A critical edition of the poems of Robert Blair

Means, James Andrew, Department of English, University of Virginia
Ehrenpreis, Irvin, Department of English, University of Virginia

This dissertation, "A Critical Edition of the Poems of Robert Blair," is divided into six chapters. Chapter One, "The Continuity of Graveyard Poetry in England, 1640-1740," provides an outline of the tradition that links The Grave, Blair's most important poem, with the religious poetry of the seventeenth century. I try to show not only the continuity of the genre but also those traits which distinguish the mortuary verse of the seventeenth century from the poems of Watts, Blair, and Young. I suggest that the earlier poets emphasize the argument of the poem, subordinating the mortuary elements, while the eighteenth-century poets, such as Blair, make a direct appeal to the reader's emotions, tending to subordinate the argument to sensational effects.

In Chapter Two, "The Composition of The Grave," I trace, so far as the surviving documents allow, the story of the composition, revision, and publication of the poem. A number of extant letters and drafts, the collective significance of which has never been considered before, provide us with an unusual opportunity to observe an eighteenth-century poet at work.

In the third chapter, "The Grave: A Poem of the Evangelical Revival," I try to place the poem in its historical context, going beyond the traditional vague classification as a "graveyard poem." We should see The Grave as—among other things—a major document of the Evangelical Revival. My interpretation is based on Blair's own statements as to his purpose in writing the poem and on the implications of its immense popularity during the later eighteenth and early nineteenth centuries. Thus this chapter comprises both a history and an interpretation of the popularity of The Grave.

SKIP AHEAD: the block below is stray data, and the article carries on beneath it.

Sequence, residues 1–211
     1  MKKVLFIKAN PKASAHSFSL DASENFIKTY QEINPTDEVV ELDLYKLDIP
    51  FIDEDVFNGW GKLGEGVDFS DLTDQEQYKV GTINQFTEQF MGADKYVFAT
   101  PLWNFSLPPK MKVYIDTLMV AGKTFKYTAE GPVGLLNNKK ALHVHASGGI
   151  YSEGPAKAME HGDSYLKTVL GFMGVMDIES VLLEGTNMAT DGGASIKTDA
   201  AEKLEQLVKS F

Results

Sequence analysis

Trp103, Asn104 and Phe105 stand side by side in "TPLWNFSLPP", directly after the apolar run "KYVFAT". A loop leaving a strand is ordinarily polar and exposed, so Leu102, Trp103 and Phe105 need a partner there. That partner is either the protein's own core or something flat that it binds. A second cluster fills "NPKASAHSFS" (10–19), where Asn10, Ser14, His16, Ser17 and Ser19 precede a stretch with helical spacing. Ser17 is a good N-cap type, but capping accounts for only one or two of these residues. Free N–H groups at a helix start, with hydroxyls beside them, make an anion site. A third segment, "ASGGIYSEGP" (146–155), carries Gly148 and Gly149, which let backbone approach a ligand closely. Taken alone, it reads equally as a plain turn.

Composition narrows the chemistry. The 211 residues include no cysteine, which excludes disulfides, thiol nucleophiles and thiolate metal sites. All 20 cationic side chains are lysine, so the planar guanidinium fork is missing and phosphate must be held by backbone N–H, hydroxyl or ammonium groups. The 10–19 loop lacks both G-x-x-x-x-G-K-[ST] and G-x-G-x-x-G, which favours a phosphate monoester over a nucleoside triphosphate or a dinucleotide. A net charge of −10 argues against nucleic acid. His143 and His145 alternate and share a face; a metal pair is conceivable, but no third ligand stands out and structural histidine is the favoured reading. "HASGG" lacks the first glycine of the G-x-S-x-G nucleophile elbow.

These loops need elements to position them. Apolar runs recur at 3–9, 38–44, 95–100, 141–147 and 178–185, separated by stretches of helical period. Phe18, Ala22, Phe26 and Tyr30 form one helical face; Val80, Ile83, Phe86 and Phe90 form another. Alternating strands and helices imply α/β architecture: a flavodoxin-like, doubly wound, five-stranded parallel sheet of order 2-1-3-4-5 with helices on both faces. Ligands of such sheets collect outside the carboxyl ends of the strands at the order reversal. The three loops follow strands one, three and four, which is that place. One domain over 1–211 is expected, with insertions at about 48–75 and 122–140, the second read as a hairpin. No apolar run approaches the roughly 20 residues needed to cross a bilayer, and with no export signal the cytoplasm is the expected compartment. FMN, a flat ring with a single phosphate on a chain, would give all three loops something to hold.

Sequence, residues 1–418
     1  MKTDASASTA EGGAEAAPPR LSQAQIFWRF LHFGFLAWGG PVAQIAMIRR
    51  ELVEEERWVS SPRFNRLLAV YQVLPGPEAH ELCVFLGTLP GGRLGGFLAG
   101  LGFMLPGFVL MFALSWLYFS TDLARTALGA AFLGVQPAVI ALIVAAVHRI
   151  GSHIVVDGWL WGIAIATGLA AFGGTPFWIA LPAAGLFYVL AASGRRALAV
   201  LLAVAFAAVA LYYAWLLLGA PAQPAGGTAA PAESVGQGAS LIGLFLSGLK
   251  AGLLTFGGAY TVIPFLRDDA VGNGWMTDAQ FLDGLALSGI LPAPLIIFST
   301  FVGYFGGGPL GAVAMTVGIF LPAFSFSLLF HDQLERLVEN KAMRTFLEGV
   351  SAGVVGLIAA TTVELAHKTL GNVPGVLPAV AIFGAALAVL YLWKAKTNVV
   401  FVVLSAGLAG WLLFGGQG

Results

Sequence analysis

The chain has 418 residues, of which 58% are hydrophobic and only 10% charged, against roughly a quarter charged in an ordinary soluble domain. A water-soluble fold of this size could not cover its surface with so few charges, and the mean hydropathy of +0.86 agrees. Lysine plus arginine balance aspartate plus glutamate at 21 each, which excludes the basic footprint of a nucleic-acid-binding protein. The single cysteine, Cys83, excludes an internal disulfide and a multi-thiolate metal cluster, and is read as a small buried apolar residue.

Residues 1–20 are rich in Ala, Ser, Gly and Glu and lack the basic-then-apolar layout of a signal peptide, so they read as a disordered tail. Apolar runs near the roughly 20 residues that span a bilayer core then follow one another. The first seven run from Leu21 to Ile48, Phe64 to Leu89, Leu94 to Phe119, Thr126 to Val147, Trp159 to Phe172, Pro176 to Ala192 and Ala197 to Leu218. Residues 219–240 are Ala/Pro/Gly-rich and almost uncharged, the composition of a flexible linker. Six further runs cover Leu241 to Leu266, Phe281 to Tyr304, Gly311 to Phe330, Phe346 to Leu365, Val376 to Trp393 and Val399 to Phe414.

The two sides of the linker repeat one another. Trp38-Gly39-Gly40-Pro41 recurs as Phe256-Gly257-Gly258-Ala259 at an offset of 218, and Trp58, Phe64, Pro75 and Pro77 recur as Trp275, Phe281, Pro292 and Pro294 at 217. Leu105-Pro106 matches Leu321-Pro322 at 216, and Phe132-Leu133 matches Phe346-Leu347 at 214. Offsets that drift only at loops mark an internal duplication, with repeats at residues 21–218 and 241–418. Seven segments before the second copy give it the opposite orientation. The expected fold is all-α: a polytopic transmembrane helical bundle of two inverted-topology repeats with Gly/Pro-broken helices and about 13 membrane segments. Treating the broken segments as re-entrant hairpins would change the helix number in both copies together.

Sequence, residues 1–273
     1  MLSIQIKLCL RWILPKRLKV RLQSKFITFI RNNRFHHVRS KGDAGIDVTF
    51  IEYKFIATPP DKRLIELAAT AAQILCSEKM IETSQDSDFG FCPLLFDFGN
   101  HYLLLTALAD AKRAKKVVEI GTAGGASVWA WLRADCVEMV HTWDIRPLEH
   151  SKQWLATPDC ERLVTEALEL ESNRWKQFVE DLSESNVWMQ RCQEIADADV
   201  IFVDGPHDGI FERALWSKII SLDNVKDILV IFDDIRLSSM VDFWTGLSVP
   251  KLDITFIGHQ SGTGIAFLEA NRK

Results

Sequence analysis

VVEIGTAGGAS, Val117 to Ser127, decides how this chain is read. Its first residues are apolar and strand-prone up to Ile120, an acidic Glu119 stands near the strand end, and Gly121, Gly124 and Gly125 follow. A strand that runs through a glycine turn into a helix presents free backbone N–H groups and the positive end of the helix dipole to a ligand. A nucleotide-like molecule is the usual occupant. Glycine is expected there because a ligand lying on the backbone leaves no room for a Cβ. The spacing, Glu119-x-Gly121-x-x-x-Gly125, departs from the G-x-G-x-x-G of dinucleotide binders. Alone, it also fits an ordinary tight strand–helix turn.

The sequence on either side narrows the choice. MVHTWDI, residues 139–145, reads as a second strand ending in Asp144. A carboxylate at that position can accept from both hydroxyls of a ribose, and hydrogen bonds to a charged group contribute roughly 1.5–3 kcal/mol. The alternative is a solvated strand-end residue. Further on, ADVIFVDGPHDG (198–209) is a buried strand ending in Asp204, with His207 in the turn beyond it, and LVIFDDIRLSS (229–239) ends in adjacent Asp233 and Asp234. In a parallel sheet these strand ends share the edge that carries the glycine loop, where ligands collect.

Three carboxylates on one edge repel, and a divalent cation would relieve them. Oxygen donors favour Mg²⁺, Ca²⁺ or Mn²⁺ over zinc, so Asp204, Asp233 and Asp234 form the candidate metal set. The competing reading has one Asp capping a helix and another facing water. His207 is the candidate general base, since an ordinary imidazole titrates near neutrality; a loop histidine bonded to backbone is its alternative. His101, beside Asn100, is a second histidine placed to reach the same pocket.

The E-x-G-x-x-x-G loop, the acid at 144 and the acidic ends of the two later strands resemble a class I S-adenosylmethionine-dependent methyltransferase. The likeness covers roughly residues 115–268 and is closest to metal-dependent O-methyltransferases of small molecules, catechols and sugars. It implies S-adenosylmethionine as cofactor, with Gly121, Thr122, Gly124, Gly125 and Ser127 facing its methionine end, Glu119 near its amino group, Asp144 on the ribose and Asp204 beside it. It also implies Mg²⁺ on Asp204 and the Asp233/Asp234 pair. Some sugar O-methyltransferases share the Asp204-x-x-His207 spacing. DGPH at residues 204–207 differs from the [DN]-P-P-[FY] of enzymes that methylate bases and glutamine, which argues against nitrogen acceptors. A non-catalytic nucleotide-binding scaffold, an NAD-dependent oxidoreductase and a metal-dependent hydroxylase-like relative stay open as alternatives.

Chapter Four, "A Critical Introduction to The Grave" includes a brief consideration of Blair's theme, the structure of the poem, the style, and the versification.

Chapter Five provides the most authoritative text of The Grave, the second state of the first edition (London, 1743). The text is supplemented by extensive annotation, especially parallels from earlier poets, so that the reader can see how Blair adapted earlier poetry, particularly metaphors, similes, and brief descriptive passages, for the purpose of ornamenting his "serious argument."

In Chapter Six I reprint from the most authoritative texts the minor poems and pieces attributed to Blair.

Note: Abstract extracted from PDF file via OCR.

PHD (Doctor of Philosophy)
Blair, Robert -- 1699-1746
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